Shut off from the sun as a child and living within his mind locked away in Grandmothers quarters, he overturns his childhood later in life through developing his musculature and then gaining sight of nature. This is his rebellion, in trying to shake of his childhood effects.
The problem lies in the death wish, he carried inside. This also becomes linked to these events. This book is one big slow suicide note, as he described the apple being sliced and the piercings of Saint Sebastian capturing his young imagination. To die young is deemed noble and in the book he appears terrified of old age. Perhaps seeing his Grandmother collapse before him was the gretest impact. This demarcated his early desire to halt himself beforehand. Everything in his life seemed marked in stages, killing himself after he finished his final book, a minutae of preprogramming for maximum effect. Mishima loved the grand statement in life, whilst his prose is poetically frozen.
Alternatively this book is a plea for help as he faced an overwhelming sense of despair, the desire to find meaning whilst having the feeling of being eaten by ants, the words of his chilhood, because he could not sense his body. He describes an alienated man trying to find his contours.Read more ›
Reading this book it is very clear that he was a very disturbed man with a lot of issues that he tried to sort out but not always successfully. People that have read books like "The Life and Death of Yukio Mishima" (highly recommended) will find "Sun and Steal" to be the perfect compliment and to give that extra bit of information that you do not get from the other book.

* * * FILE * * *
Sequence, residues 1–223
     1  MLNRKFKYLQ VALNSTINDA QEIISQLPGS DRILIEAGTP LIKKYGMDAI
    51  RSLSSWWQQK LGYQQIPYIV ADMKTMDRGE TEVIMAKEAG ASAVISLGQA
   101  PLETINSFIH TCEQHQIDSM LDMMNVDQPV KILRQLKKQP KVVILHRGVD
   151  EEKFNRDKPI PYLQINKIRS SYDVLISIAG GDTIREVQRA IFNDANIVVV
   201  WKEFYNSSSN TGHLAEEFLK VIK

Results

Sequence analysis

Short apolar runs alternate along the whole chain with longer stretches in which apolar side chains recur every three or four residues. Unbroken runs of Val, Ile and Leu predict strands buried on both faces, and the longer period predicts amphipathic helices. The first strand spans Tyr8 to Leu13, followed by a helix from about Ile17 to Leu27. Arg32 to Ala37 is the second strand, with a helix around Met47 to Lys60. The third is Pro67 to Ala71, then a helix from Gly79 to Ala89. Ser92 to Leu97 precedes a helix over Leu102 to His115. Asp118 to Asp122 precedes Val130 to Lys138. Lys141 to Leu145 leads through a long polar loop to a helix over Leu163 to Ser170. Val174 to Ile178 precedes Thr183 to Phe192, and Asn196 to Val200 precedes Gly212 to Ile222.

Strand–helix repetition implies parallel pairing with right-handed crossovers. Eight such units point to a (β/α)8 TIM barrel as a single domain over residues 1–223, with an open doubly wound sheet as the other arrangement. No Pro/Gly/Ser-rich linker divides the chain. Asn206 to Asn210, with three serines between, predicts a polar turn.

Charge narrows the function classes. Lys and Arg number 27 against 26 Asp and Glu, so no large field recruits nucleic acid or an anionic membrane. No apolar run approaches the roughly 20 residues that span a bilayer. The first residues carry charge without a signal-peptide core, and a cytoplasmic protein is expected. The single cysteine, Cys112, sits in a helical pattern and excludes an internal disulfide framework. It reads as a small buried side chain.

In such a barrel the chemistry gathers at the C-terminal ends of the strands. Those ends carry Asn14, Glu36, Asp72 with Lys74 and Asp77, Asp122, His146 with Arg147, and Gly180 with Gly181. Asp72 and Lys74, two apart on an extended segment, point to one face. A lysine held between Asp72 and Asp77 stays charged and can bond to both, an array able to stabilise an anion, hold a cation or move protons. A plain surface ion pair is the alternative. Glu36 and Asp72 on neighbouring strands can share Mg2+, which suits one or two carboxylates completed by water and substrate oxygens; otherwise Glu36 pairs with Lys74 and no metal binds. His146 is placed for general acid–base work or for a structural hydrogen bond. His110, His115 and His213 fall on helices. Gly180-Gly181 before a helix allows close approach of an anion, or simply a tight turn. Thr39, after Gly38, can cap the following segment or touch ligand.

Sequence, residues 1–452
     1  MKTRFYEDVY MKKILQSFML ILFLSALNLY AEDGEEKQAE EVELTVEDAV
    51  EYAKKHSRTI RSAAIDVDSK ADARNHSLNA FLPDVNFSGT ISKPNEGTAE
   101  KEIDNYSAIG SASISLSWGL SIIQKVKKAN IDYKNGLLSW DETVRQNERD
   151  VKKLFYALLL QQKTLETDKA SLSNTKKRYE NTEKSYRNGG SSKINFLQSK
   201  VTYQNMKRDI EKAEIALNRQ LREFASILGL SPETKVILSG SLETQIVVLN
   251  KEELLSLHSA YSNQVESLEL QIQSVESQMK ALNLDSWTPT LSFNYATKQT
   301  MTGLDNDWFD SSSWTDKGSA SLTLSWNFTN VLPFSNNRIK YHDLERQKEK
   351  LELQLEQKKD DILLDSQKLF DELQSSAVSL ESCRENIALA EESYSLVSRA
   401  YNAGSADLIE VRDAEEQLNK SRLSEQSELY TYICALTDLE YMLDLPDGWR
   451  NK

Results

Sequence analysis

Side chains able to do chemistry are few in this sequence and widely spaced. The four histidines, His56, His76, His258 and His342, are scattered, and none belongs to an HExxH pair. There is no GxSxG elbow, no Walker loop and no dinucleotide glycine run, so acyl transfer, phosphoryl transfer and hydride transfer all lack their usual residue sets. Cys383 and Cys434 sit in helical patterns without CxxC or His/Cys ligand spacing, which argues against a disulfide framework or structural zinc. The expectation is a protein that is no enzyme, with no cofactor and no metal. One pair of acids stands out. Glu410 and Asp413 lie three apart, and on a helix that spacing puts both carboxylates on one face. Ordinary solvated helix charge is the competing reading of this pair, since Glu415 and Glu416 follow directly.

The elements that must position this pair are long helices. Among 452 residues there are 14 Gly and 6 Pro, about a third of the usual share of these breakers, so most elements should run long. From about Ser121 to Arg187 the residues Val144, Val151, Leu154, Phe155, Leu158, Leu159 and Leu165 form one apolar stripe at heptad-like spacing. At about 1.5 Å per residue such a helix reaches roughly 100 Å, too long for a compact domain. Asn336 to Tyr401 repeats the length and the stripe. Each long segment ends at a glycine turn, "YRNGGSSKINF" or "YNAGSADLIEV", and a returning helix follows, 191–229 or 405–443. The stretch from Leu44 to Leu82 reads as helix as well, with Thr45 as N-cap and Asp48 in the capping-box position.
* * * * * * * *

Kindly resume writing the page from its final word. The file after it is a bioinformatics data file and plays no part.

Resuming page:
I would recommend this book to people that can appreciate Mishima's unique stile or writing and can understand the self-loathing he went through during the span of his short but creative life.
Most Helpful Customer Reviews on Amazon.com (beta)
From the outset, it is clear that Mishima advocated an "active" creativity and that he held in contempt those who used words to convey experiences yet denied their own heroic capabilities.
For Mishima, art, action and creativity had to embrace the tragic. To be a hero meant sacrifice of the highest order and suffering life's strangest and most difficult problems. "He who dabbles in words can create tragedy, wrote Mishima, "but cannot participate in it."
Mishima begins Sun and Steel by telling us that, for much of his life, he held an unnatural view of the world, due to the fact that his awareness of words preceded his awareness of his body. This isolated him, he says, and he spent much time at his bedroom window simply watching the world go by.
"Words," says Mishima, "are a medium that reduces the world to an abstraction...and in their power to corrode reality inevitably lurks the danger that the words will be corroded, too."